August/September Character Feature
This issue's featured girl: Samantha
From the American Girls Club Handbook:
Project One: Speak Your Mind
In Samantha Learns a Lesson
, Samantha learns to speak her mind courageously. Choose a woman from Samantha's time and find out about her. Then imagine you are that woman and give a courageous speech that she might have given.
1) Choose a woman from the list below. Look up her name in an encyclopedia or biographical dictionary.
2) What did your chosen woman care deeply about? If necessary, ask a librarian to help you find more information. Choose a topic and make notes on index cards. Present your speech to a family member or friend.
3) When giving your speech, tell your name and state your belief. Back up your opinions with three facts. Then end your speech by stating your belief again.
Women to choose from:
came from a wealthy family like Samantha's, but she chose not to live a life of ease. She set up Hull House, a settlement house that provided services to the poor and homeless.
Ida B. Wells
believed that black children deserved the same quality of education as white children. She wrote and spoke out for fair treatment and equality for African Americans.
Susan B. Anthony's
courage to speak out and her belief that "failure is impossible" helped women win the right to vote.
Other women who spoke out:
, founder of the Red Cross
Mary McLeod Bethune
, labor leader
Born To Fly
In 1905, the year that Samantha turned 10, Amelia Earhart was 7 years old. At that time, no girl ever imagined she might grow up to be a pilot. The airplane itself was a brand-new invention! But Amelia already knew that she wanted to do new things--"first-time things," she called them. "I think it is just about the most important thing any girl can do," she said, "to try herself out, do something!" In 1928, Amelia became famous as the first woman to fly across the Atlantic Ocean--this time as a passenger. Four years later, she made the flight again by herself and became the first woman to fly solo across the Atlantic. Amelia Earhart disappeared in 1937 while trying to fly around the world. "Women must try to do things as men have tried," she wrote just before her last flight. "When they fail, their failure must be but a challenge to others."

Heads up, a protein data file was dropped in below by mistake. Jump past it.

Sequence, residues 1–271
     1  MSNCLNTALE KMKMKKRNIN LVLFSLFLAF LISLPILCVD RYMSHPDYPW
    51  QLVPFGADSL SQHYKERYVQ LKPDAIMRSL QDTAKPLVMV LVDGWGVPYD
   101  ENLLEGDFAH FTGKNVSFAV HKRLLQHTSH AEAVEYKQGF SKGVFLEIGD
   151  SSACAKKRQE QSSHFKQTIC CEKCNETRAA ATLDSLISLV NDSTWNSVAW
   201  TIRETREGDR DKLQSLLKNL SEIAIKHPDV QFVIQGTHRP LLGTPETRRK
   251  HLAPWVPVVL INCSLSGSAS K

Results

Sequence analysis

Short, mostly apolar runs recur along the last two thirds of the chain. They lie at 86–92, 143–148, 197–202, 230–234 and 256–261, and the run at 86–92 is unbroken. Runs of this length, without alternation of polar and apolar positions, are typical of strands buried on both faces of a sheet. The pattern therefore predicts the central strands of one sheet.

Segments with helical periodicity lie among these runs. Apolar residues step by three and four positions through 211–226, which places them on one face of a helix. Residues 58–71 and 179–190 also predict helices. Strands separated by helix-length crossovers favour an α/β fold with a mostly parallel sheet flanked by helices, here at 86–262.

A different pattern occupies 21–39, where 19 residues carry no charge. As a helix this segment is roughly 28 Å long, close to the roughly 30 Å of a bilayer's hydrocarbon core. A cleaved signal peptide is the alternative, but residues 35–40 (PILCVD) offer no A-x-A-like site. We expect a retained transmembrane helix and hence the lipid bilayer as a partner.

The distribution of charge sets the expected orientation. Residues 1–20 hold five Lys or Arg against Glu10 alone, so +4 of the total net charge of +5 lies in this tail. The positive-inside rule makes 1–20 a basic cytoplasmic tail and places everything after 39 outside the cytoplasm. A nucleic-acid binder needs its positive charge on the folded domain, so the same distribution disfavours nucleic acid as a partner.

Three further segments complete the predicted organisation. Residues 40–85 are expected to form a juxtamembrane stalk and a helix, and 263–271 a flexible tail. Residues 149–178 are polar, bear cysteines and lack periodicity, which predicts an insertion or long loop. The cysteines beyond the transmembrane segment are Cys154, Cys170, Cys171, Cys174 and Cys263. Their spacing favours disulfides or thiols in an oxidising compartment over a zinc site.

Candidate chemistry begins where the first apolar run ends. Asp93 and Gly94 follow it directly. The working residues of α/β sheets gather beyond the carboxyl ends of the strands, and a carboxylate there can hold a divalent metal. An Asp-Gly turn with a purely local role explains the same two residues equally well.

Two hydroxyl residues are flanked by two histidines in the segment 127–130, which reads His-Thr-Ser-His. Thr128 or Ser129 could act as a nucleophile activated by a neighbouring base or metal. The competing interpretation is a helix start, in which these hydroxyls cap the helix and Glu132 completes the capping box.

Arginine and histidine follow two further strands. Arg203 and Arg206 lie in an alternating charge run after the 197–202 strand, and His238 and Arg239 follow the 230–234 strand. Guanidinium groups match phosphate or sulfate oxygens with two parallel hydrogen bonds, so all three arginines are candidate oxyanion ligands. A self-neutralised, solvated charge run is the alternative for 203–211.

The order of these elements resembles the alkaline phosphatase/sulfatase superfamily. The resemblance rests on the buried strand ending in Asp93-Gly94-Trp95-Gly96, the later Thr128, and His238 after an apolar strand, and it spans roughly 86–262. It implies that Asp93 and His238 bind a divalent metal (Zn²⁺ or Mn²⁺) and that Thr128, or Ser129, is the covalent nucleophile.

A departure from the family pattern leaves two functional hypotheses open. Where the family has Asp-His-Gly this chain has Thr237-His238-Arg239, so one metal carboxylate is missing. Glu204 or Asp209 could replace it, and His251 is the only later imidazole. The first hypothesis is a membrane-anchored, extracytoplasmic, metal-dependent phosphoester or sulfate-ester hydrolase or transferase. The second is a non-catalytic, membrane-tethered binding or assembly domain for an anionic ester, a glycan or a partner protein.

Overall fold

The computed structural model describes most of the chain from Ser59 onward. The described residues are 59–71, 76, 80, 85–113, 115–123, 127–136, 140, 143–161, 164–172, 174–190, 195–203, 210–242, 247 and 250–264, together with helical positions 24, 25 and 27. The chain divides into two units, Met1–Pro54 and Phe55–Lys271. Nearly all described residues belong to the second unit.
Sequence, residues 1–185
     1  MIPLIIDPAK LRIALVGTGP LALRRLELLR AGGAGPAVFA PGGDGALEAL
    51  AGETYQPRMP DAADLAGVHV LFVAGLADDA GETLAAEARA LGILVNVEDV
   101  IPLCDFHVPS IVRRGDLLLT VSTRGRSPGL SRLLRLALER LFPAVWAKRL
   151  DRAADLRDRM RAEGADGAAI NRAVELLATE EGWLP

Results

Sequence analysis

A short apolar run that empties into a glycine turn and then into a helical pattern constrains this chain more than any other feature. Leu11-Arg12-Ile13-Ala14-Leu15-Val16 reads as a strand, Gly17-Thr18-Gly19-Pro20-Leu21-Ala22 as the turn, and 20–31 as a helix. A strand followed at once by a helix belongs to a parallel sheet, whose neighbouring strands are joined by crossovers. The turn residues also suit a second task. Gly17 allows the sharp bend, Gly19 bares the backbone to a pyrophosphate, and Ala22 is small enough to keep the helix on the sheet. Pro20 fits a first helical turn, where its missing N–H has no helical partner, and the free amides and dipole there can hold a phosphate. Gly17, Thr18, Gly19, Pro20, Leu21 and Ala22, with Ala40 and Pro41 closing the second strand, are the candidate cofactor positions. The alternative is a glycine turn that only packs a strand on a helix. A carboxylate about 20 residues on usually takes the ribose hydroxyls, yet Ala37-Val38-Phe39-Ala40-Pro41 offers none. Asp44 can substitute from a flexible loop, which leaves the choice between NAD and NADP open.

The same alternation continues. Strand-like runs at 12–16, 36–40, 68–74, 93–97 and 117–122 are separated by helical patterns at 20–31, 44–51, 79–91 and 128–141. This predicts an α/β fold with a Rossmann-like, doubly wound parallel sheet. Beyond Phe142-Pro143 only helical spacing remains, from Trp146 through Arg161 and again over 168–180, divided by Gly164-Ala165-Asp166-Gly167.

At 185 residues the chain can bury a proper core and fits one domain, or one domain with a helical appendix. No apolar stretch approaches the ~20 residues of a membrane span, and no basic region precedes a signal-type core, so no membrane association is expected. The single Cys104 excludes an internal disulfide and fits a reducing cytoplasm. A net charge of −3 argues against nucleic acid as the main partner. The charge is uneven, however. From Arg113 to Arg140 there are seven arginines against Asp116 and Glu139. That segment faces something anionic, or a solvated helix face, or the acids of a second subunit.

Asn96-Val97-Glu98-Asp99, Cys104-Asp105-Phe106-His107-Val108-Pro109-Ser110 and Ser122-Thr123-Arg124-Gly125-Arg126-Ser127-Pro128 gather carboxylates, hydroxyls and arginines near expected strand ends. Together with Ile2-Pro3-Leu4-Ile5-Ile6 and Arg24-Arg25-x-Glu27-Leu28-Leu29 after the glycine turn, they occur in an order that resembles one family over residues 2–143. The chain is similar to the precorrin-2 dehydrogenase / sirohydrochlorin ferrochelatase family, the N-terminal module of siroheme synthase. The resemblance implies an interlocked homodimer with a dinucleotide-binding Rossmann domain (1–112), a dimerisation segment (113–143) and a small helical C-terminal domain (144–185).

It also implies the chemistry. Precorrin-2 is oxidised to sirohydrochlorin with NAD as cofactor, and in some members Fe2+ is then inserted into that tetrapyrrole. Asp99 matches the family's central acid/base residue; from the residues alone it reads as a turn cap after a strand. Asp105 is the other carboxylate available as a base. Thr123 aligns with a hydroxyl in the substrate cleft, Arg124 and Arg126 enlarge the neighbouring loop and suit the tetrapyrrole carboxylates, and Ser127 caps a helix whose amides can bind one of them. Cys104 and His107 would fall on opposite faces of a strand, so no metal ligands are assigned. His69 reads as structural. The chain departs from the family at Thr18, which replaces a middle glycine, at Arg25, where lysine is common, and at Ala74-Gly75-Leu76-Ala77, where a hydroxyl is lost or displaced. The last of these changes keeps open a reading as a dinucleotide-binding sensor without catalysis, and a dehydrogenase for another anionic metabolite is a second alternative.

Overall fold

Project Two: Paint an Impression
Turn-of-the-century artists called Impressionists painted pictures in a bold new way. Read about Impressionism in the "Did You Know?" segment below. Then create your own Impressionist painting!
1) Find library books with Impressionist paintings in them. Look closely at the paintings and notice how objects like flowers are made with dabs and dashes of paint.
2) Collect your materials. Use white sketch paper and tempera paint, watercolors, or pastels such as Cray-pas ®.
3) Impressionists often painted outdoors. Set up an easel outdoors, or sit on a stool with a pad of paper on your lap.
4) Lightly sketch the outlines of your pictures.
5) Now add dabs and dashes of color to your picture to create an overall scene.
Did you know?
In Samantha's time, a new group of artists called Impressionists had begun to change the way people looked at painting and the world. Impressionists wanted to get away from formal, carefully posed portraits. Instead, they painted people relaxing in informal settings. Many Impressionists enjoyed painting outdoors. They liked to show how sunlight sparkled on water and filtered through tree leaves. They used broad strokes and dabs of pure, bright paint to show their impression of how things looked in natural light. This new style of painting shocked people at first. They were used to dark colors and precise, smooth brushtrokes. They thought the Impressionists' paintings looked unfinished. Many Impressionist painters had a hard time selling their paintings. Some even had to borrow money for paint or food! Today, these paintings are worth millions, and Impressionism is one of the best-loved art styles in the world.
Want to know more?
Fiction books set in Samantha's time:
"The Bells of Christmas" by Natalie Babbitt
"I Go with My Family to Grandma's" by Riki Levinson
A nonfiction book about Samantha's time:
"Don't You Dare Shoot That Bear!" by Robert Quackenbush
Movies set in Samantha's time:
The Unsinkable Molly Brown
Music from Samantha's Time:
"Madam Butterfly" by Giacomo Puccini
"Yankee Doodle Boy" by George M. Cohan
Special places to visit:
Henry Ford Museum & Greenfield Village
20900 Oakwood Blvd.
Dearborn, MI 48124
Re-creation of an American village and museum of inventions
Tuskegee Institute National Historic Site, Carver Museum
1212 Old Montgomery Rd.
Tuskegee Institute, AL 36088
Includes African-American educator Booker T. Washington's restored home